There are many differing parenting styles but in most families, one parent ends up playing ‘good cop’, while the other plays ‘bad cop’. The ‘good cop’ parent is typically more lenient in their attitude to child-rearing and tends to focus on using unconditional love and nurture as a means of establishing and maintaining a strong, loving connection with their children. The ‘bad cop’ loves their children just as much, but recognises that children also need boundaries and discipline in order to thrive, and therefore takes a ‘harder line’ and is stricter and more authoritarian in their approach to parenting.
The problem is that when a couple is polarised in such a way, this inevitably leads to disagreements and conflict, so that even the simplest of parenting issues can become a source of contention. It’s very difficult to give children the consistency they need when a couple can’t agree on how best to modify behaviour, nor decide on which values are most important to instil in their children.
This can put quite a strain on even the strongest of relationships, as when parents take up opposing positions in this way, this inevitably leads to one parent feeling consistently undermined by the other. One parent is left feeling frustrated by their partner’s refusal to ‘see things their way’ and feels that they must overcompensate for what they perceive their partners’ parenting ability to be lacking in.
So how can we become a more effective ‘parenting team’ and have the confidence of knowing that we are doing things ‘right’, and that we are speaking a common language with our partner? How can we present a united front to our children and raise them in a consistent and mutually supportive way?
The way that we can achieve this is by equipping ourselves with simple and effective tools, which allow us to be more ‘balanced’ in our approach to parenting.
Here are a few tips extracted from our book Kids Don’t Come With a Manual that will help parents to become more aligned:
- Agree with your partner (or decide if you are a single parent) what your ‘core values’ are (e.g. manners, tidiness, etc.). Then iron out what you each consider to be acceptable and unacceptable behaviour. This will enable you to set rules that are clear and accepted by everyone in your household.
- Agree that so long as you are both maintaining these shared values and respecting your child, you will both allow each other room for expressing your different parenting styles.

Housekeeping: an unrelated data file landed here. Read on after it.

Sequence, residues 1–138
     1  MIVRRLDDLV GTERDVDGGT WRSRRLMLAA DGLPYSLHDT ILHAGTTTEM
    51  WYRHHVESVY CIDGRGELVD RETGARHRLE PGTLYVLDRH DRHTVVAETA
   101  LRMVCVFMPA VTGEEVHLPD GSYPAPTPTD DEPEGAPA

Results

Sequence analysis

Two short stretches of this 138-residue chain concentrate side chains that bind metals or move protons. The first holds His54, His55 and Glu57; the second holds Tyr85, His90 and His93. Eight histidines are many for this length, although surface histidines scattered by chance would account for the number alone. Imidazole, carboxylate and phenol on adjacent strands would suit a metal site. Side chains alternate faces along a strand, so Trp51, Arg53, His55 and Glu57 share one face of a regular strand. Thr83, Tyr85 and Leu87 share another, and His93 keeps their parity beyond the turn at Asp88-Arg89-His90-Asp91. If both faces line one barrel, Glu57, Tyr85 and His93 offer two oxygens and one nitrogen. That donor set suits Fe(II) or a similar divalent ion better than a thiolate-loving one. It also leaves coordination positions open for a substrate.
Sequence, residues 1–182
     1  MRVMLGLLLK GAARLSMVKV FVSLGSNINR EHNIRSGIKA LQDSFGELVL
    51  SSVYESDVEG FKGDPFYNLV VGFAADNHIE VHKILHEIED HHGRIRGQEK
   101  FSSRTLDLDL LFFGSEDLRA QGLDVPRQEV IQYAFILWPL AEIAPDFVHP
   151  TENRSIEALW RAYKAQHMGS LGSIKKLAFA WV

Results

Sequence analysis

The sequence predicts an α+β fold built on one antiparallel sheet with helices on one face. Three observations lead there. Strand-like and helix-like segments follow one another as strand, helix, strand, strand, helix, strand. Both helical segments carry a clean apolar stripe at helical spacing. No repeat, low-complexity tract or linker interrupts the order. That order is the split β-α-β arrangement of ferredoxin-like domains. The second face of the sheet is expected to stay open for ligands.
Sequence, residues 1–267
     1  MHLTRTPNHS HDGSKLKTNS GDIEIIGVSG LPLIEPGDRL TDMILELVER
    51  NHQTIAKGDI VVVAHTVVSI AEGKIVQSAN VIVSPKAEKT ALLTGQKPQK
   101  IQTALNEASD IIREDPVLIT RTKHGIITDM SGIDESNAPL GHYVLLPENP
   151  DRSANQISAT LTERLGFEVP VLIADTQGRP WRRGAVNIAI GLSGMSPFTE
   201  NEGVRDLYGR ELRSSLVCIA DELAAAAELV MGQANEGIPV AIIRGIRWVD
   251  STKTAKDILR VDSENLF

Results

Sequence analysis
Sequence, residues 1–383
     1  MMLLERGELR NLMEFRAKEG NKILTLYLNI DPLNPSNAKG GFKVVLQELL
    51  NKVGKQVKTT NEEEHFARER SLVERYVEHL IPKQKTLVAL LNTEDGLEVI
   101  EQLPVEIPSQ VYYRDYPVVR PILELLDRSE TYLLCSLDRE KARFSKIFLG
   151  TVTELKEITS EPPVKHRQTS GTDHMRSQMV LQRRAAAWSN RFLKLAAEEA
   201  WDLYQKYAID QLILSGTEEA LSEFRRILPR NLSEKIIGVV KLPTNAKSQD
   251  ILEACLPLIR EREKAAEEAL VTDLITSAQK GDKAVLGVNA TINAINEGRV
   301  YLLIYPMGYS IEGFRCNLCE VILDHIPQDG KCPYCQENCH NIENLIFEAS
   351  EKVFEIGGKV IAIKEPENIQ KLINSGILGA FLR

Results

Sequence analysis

- Try not to ‘compensate’ for your spouse’s parenting style. For example, if you have a tendency to be a ‘Strict’ parent (the ‘bad cop’) and you feel your spouse is being too lenient with your children (being the ‘good cop’), do not become more strict to compensate for this and vice versa.
- Resist the impulse to intervene when you don’t agree with the way your partner is reacting to a situation, even if you’re just trying to be supportive. When you interfere, you are sending the following messages to your child: “Your mother/father is not doing a good job of handling you, so I’ll have to do it. While the message to your partner can be interpreted as: “Honey, since you don’t have the necessary parenting skills, I’ll take care of this.”
- Divide tasks: if you tend to have tensions when you are with the kids together at certain times (e.g. in the morning or at bath-time, etc.), reduce friction by ‘dividing territories’ and agreeing on the tasks that you will each do and stick to the plan.
- Try to be consistent in the application of whatever strategy you and your partner have agreed on. Consistency is difficult because it’s only human to have moments where we just want to relax and not think too much about what we’re doing. However, it is very important to send a ‘clear’ message to your kids, so that they know where the boundaries are and don’t get confused by mixed messages.
- Do not take sides with your kids or sabotage your partner’s actions; don’t allow your kids to ‘manipulate you’ into conflict with your partner. If for example your child says: “But Dad lets me do that!” you can answer “He may do, but I’m the one responsible for looking after you right now.”
- When you disagree with your partner’s reaction to your children misbehaving, stop yourself from saying so in front of the children. Remind yourself that there is no such thing as a ‘perfect parent’ and be realistic about your expectations. If you feel that you partner is starting to get ‘triggered’ (i.e. losing his or her temper) and you feel that there is a better way to handle the situation, you could ask your spouse: “Can I help?” – but if the answer is “No”, you need to respect this and let it go.
If you are interested in equipping yourself with such tools, you can discover this and a whole lot more in our book, Kids Don’t Come With a Manual – The Essential Guide to a Happy Family Life.